Masks and physical distancing still required in health care settings.
Thank you for wearing your mask and adhering to our 1 child, 1 parent rule!
Adolescence is a unique period of time where our children begin to transition into adulthood. As our children hit their adolescent years, they experience tremendous physical, psychological, and social development changes. Keeping up with and addressing these changes is extremely important. Families and pediatricians need to work together to treat immediate health problems; to influence the habits and health goals of teenagers; and to provide actionable recommendations that will help teens mature into a healthy picture of adulthood.
At Capital Area Pediatrics, we offer care via a team of pediatricians who understand the sensitivities and challenges of treating young adults. We encourage families to maintain a relationship with our practice until their children turn 21. Doing so will allow us to work with families to improve the healthy development, health, safety, and well-being of your children as they march into adulthood.
If your child is due for an annual exam or another type of visit, contact us today! You can schedule an appointment online or call one of our five locations to set up your appointment. Be sure to ask us about our evening hours, offered specifically for busy families and young adults!
Children between the ages of 10 to 17 are typically considered adolescents, while those aged 18 to 25 are considered young adults. In addition to offering services to all adolescents, our pediatric practice can sometimes offer care to young adults (i.e. ages 18 - 21). This will be dependent on which location your family visits.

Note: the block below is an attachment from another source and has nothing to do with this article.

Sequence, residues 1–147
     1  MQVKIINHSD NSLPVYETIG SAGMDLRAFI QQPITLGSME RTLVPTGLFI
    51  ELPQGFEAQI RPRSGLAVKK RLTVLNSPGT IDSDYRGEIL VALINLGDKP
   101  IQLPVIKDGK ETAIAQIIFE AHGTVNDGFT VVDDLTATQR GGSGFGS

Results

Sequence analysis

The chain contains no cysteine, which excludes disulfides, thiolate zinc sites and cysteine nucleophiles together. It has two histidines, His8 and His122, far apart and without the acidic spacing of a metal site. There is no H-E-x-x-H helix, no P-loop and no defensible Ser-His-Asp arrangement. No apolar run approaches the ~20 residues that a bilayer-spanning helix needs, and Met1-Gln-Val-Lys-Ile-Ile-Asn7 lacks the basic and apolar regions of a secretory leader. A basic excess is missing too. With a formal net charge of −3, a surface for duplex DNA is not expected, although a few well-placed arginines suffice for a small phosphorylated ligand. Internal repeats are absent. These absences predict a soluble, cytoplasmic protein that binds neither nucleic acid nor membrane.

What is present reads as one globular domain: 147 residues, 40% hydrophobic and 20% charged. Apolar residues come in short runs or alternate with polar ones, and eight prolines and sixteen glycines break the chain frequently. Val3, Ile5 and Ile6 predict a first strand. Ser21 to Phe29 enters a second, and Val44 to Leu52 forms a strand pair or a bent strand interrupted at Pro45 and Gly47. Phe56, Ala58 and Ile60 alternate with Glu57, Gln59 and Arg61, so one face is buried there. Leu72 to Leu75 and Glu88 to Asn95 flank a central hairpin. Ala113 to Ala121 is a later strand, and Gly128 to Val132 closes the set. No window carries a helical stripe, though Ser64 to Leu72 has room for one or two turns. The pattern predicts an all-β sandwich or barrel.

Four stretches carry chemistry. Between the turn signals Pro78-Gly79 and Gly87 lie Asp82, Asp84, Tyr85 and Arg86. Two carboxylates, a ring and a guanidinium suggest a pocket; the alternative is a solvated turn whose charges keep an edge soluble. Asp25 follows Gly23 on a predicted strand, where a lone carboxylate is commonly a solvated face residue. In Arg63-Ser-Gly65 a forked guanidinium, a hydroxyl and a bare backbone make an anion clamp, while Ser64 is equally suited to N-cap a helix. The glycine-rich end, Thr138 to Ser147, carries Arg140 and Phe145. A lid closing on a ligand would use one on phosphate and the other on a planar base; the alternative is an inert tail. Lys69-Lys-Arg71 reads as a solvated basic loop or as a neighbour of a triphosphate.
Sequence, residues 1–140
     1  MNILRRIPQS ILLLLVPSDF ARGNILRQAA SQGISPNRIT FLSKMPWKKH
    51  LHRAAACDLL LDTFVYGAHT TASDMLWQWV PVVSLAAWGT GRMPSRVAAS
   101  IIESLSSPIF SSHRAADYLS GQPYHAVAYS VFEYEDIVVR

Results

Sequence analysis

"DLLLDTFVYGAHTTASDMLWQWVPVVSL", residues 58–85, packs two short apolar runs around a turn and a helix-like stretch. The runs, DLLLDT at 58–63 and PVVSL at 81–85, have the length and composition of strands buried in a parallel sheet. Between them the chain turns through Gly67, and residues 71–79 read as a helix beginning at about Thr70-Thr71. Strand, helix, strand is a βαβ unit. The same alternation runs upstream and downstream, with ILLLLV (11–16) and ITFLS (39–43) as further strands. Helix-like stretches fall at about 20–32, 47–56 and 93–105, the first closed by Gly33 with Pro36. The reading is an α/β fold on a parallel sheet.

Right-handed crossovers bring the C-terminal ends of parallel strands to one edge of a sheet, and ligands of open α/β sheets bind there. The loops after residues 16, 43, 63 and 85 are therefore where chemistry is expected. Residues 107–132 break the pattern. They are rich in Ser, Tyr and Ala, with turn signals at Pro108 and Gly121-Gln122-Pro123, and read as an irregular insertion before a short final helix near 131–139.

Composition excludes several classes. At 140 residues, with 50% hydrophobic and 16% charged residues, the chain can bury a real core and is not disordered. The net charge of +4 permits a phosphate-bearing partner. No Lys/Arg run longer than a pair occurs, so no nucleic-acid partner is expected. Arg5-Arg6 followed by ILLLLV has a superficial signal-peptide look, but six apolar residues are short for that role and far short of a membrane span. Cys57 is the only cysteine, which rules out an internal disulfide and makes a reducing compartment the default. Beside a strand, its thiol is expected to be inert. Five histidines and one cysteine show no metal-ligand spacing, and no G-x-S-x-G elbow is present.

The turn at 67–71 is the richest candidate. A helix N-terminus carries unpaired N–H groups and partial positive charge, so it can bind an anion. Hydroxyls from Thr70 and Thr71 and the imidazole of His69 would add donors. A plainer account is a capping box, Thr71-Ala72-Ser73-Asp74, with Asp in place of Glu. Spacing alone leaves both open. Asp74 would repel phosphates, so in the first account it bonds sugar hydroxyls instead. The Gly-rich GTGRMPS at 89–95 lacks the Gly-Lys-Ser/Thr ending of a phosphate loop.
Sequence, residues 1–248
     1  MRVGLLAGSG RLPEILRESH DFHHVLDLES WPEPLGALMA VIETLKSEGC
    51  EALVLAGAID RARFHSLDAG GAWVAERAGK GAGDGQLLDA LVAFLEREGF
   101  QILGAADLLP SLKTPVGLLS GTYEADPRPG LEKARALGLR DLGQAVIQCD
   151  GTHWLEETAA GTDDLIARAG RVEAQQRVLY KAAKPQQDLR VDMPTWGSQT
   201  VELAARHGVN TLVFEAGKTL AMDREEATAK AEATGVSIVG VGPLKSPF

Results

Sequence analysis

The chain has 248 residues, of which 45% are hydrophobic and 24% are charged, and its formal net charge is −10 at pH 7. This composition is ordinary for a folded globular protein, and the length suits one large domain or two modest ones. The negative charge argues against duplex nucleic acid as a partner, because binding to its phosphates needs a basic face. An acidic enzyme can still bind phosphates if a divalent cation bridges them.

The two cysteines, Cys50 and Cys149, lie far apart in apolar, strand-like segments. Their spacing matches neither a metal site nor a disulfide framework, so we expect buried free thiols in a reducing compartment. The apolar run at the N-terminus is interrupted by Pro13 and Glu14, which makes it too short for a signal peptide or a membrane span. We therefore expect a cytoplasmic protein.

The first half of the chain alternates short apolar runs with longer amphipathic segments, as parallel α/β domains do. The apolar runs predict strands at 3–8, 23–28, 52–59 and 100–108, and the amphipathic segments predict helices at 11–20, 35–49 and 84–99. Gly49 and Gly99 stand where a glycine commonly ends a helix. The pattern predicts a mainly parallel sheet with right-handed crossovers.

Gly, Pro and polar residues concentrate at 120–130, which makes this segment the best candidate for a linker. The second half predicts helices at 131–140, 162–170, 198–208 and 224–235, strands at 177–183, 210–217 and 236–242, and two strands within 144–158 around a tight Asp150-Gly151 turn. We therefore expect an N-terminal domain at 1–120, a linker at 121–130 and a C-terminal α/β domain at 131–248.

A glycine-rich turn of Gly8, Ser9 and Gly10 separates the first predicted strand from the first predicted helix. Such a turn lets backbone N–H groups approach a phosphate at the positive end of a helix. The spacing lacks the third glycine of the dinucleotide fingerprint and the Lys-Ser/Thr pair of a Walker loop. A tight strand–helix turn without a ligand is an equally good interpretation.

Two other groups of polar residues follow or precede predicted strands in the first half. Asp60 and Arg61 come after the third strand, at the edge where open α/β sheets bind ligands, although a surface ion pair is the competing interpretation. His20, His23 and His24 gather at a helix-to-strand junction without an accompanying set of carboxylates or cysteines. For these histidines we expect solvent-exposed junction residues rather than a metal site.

The behavioral patterns established during our teen years play a huge role not just in our children’s current health status, but in their risk for developing chronic diseases during adulthood. Maintaining communication with a family doctor, and using that doctor’s resources to engage in healthy habits and conversations, can help set our teenagers up for as healthy an adulthood as possible.
In addition to laying the groundwork for future health, doctors and families have a responsibility to support teens “in the moment” as well. Our teenage years involve some big transitions and adjustments, both in terms of biological changes (i.e. puberty) and social changes (i.e. dating, first jobs, learning to drive, etc.). Providing immediate support and care during these developments goes hand-in-hand with setting up our children for success as adults. It also sets them up for academic success, as healthier students tend to perform better in school!
Generally speaking, teenagers and young adults are considered to be a (physically) healthy demographic. However, they are still prone to certain health issues or risks. The following are all examples of things that could affect our teens as they grow:
In addition to this list, teenagers are also sensitive to changes in their social environments. That means events in their families, peer circles, school and/or neighborhood can influence their overall health and well-being in major ways.
It is important for parents to maintain and schedule regular doctor appointments for their teenager. By meeting annually with your teen, our team can keep track of changes in their physical, mental, and social development. We can also offer advice about avoiding unhealthy behaviors, such as smoking and drinking.
During their visits, we will also review their immunization history, ensure that they receive any boosters or age-appropriate vaccines they may need, and offer baseline screening labs for anemia and cholesterol.
Note that if your teenager develops an illness or chronic condition of some sort, they may be asked to come to see us more frequently for extra follow up office visits. Additionally, if teenagers develop acute health issues (i.e. cold and flu season, sports injuries, etc.), it is important to bring them in immediately for treatment.
If for any reason your child needs care that we cannot provide, we will refer your teenager to a specialist to ensure they receive that care.